Plugging in your computers, peripherals or other devices to a power strip makes it easier and more convenient to flip a single switch and power everything down at night or when it’s not in use. Phantom (or “vampire”) energy is the energy that your appliances continue to suck from the power source when they are plugged in but not being used.
Various electronics such as computer monitors, coffee makers, and other common workplace items continue to take energy (and cost money) even when you leave at night if they remain connected to a power source. By connecting those things to a power strip, you can unplug the entire strip before you leave, which would benefit both the environment and your bank account.
Sharing is Caring
If you’re paying for parking spaces for employees, it might be more cost-effective to offer a benefit in which you pay for a monthly bus pass, metro card, or whatever is applicable than to pay for a parking spot. Also, encouraging carpooling in the office saves on money as well as fuel. A side benefit of this is the employees bonding over a shared ride everyday.
Allowing employees to work from home or away from the office can help you save money in a variety of ways. All you have to worry about is that they finish the job on time. You can also begin allowing employees to work longer hours for fewer days at the office.
Conferences in the office are expensive. Similarly, travelling to a different location takes time and money. As a result, whenever possible, consider holding virtual meetings instead of in-person meetings.
Determine your company’s recycling and reusing possibilities. Many items can be recycled, including paper, file folders, cardboard, ink and toner cartridges, computers, and computer accessories.
Aside from reusable stationary, investing in reusable cutlery is a good option for businesses that currently use disposable cutlery. Instead of using paper cups at the water fountain, purchase a reusable tumbler or individual water bottles.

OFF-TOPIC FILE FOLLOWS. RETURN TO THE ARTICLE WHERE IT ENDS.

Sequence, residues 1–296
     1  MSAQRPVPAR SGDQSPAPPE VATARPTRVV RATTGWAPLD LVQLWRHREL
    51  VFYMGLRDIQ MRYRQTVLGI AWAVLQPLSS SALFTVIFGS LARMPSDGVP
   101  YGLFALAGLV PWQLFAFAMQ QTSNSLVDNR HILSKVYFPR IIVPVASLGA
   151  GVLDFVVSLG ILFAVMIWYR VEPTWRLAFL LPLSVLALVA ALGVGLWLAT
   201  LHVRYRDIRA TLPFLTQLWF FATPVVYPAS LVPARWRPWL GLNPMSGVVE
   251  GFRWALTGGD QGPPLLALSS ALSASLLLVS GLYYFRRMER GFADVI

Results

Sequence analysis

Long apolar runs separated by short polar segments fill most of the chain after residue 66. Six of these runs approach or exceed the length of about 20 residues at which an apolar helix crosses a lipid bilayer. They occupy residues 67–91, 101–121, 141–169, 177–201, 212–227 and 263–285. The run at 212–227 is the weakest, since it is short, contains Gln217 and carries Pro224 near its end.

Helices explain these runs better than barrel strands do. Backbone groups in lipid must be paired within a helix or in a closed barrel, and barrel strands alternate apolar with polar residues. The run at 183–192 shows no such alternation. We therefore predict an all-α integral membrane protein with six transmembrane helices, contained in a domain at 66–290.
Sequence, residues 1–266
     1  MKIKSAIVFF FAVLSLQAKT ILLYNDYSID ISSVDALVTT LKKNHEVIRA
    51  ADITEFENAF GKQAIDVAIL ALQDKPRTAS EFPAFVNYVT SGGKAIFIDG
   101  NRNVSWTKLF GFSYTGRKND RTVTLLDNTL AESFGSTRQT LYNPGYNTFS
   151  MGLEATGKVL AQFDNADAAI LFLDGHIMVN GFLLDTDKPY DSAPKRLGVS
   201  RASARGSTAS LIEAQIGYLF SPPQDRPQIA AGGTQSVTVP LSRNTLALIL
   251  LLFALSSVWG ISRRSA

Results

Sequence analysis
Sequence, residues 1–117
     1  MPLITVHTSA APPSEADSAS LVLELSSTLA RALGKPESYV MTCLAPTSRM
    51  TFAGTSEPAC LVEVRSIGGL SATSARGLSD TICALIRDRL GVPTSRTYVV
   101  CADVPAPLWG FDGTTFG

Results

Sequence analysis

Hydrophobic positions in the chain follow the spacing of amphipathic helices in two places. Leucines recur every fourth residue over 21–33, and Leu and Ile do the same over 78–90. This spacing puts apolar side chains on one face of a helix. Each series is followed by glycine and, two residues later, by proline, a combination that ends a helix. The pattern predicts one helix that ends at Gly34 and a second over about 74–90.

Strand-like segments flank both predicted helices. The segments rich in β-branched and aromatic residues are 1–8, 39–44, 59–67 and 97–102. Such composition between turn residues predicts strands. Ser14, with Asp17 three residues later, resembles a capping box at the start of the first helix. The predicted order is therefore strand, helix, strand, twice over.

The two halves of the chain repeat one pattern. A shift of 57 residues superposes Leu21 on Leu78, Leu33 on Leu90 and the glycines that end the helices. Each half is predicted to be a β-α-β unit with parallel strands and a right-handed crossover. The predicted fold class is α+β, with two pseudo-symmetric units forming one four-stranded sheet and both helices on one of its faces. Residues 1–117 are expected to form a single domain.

Inferring on the thought..
If you have a younger workforce or a younger consumer base, you must also consider what is important to your target audience. According to a recent Harvard Business Review survey, one of the most major considerations for Millennials is to resolve social and environmental challenges. Several studies have been conducted on how Millennials spend their money, and one thing is clear: that this generation cares about sustainability.
They are willing to spend more money if it means purchasing products from companies that care about the environment and have sustainable workplace practices. So, as you consider cost-cutting measures, keep in mind that the younger generation in your organisation is likely to support any energy-saving changes you consider implementing.
Finally, you must consider your company’s long-term objectives. Cost-cutting ideas for the organisation may not be top-of-mind every day, but if you can make some minor adjustments, they may have a positive impact on your bottom line over time. And, especially in business, every penny counts. The link between energy efficiency and increased profitability may not be obvious at first, however if examples of sustainable workplaces start tracking those energy-saving measures, they will most likely benefit from lower overhead costs in the long run.